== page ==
Click below to listen to this week’s Alicast podcast with Adam Najberg. A full transcript follows.
Adam Najberg: Let’s get to it. I want to ask you, luxury has been a bright spot globally in what’s been a fairly miserable year. And luxury has done especially well in China. Your study foresees China’s share of the global luxury market will have nearly doubled this year climbing about 50% to around 346 billion yuan. What do you see in terms of consumer confidence and luxury consumption in China now? Does the bounceback in retail there signal to you that it could or will happen somewhere else in the world? Or is this just one of these “China is bigger” or “China is unique” things?
Bruno Lannes: We should we should start by looking at the global situation. And as you pointed out, the global situation for luxury is actually not that great. We estimated that the luxury sector will decline by 23%, globally in 2020 versus 2019. And so that’s a very sharp decline, 23%. And on the contrary, you need to look at the China performance, which sees growth of nearly 50%, as you mentioned, so a very contrasted view. And you could see, of course, the effect of COVID. And the fact that many of the countries where luxury is on sale, people have been on the lockdown and so therefore, it was difficult for consumers just to go shopping.
And that has been the driver, of course. China has been recovering much faster than the other countries. That is, in part, driven the growth of the of the China market for luxury, as you know, in previous years, up to 2019. According to our estimates, Mainland Chinese were buying mostly luxury outside China, we estimated in 2019. It was one-third in China two-thirds outside the mainland.
Of course, that trend has completely reversed in 2020 because people could not travel. And so, one of the drivers of the growth in China has been what we call in the report “repatriation,” which is the fact that Chinese consumers inability to travel abroad, has led them to buy the luxury products that they wanted to buy in the country, in the mainland.
AN: Just on that topic, after COVID when things are more normal again sometime next year, let’s say, will we see that that was just a bulge that the online was satisfying the ability or the inability to travel somewhere else to do the shopping? Will it kind of even out? Or are we now looking at sort of a higher base?
BL: A couple of points maybe to answer your question. One is we should also reflect on the point that in 2020, Chinese people actually bought less luxury globally than they did in 2019. So they bought more in China. But the increase in China has not been able to compensate for the decline of their purchases in the rest of the world. And so, Chinese this year have actually spent less on luxury than other nationalities, for example. And so that’s one aspect. And so, as the world goes back to normal, we estimate, as you know, that it’s not likely to be in 2021, more likely to be in 2022, when Chinese people feel more comfortable traveling. Then, of course, we’ll see a rebalancing of, you know, whatever is purchased in China versus whatever is purchased outside China by Chinese.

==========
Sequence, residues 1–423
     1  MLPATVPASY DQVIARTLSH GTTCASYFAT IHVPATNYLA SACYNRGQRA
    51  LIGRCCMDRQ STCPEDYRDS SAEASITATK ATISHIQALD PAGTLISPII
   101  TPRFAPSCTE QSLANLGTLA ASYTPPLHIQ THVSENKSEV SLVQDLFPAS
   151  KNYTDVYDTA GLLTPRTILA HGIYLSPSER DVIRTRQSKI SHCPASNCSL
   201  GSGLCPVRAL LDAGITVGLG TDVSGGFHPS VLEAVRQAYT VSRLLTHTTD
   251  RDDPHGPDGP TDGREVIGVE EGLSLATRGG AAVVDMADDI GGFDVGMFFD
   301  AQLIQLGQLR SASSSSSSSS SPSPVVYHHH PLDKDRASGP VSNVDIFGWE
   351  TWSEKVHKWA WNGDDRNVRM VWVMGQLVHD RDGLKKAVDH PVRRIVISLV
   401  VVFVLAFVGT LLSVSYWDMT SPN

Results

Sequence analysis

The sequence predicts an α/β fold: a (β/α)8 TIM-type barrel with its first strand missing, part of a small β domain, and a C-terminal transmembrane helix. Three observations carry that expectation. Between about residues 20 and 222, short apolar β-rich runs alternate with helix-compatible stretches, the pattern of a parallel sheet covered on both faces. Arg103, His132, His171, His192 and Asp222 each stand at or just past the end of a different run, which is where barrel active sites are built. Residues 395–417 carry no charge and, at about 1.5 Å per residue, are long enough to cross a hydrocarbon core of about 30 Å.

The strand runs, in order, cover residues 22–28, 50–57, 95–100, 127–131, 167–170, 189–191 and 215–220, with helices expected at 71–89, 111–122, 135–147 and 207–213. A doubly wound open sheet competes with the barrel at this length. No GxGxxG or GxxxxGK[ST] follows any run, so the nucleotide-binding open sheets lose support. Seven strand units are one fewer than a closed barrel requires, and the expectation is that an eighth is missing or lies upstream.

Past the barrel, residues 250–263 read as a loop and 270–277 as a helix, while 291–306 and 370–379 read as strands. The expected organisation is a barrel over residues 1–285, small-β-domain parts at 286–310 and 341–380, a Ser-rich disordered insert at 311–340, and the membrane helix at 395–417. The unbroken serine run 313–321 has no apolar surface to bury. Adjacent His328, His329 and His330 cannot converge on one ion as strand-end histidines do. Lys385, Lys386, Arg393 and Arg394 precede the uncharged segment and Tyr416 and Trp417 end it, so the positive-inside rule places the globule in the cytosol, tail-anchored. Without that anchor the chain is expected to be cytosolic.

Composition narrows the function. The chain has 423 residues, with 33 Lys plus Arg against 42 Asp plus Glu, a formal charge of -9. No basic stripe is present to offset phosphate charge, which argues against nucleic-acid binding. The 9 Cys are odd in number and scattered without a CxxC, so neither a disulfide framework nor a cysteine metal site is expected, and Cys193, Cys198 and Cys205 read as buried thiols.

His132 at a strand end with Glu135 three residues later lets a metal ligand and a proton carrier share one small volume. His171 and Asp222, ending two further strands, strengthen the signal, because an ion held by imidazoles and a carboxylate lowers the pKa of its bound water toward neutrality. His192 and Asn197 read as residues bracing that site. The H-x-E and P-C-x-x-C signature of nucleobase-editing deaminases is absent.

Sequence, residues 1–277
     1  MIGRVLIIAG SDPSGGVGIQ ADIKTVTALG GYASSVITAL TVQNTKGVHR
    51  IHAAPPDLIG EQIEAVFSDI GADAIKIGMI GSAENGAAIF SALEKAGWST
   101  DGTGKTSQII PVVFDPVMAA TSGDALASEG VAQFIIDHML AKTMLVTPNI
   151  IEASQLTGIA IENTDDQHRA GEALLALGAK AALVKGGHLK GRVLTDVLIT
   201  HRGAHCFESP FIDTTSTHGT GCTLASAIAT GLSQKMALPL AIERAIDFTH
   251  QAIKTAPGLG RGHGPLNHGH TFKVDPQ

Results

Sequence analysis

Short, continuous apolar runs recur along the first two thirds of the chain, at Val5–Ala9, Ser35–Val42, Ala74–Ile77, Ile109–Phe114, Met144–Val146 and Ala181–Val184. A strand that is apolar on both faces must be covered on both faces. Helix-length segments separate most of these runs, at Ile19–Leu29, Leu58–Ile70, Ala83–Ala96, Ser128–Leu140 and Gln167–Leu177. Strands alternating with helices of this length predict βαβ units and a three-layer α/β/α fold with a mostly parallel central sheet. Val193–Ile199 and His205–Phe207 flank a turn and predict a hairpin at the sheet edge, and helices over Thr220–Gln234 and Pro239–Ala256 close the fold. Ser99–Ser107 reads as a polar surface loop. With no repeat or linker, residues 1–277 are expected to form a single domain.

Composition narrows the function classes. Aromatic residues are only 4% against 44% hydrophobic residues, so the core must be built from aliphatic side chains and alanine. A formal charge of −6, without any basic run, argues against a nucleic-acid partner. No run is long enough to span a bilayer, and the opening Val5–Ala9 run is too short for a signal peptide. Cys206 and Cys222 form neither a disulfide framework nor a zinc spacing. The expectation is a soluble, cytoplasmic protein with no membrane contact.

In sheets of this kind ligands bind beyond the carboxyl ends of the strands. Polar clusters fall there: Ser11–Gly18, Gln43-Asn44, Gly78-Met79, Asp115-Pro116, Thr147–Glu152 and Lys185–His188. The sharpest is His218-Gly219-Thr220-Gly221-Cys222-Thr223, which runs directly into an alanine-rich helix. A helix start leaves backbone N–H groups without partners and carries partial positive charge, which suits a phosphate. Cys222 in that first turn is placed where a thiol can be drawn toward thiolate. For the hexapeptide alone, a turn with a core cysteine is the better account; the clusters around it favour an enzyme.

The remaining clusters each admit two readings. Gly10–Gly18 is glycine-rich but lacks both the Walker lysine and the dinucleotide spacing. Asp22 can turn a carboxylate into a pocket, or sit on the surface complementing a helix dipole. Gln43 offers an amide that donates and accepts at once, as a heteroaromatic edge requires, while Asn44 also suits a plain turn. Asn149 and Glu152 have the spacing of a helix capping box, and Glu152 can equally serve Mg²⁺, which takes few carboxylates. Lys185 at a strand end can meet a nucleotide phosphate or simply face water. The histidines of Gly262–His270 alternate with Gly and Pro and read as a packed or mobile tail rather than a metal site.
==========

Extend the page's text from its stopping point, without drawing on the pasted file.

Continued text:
Having said this, I think the experience of 2020 or 2021 will have some longterm effect and we don’t expect this proportion of one-third in China, two-thirds outside China to continue we in our forecast, we expect that ultimately Chinese will buy more than 50% of their luxury products in China in the mainland, compared to outside China, which, of course, is much higher than the one that they have done in 2019. And I think this is the result of many things, but in particular, the results of the experience of buying in China and finding the experience quite enjoyable.
But also, the development of domestic duty-free with Hainan Island, which has been, of course, a very bright spot for luxury this year. And we expect there’s going to be more of those domestic licensew to be granted, and therefore more opportunities to buy duty-free in the country. And so that’s going to drive repatriation even more.
AN: We’re seeing the acceleration of the importance of the online channel inside China, as well as offline channels in China for luxury. But on the brand side of things, how are they adapting themselves to succeed there? We have changes in consumer habits and expectations, where you just kind of flip a switch and it changes overnight. Is that true in luxury, too? And what are some of the behavioral changes we’re seeing that’s happening among luxury consumers in China, as their business experience moves more online?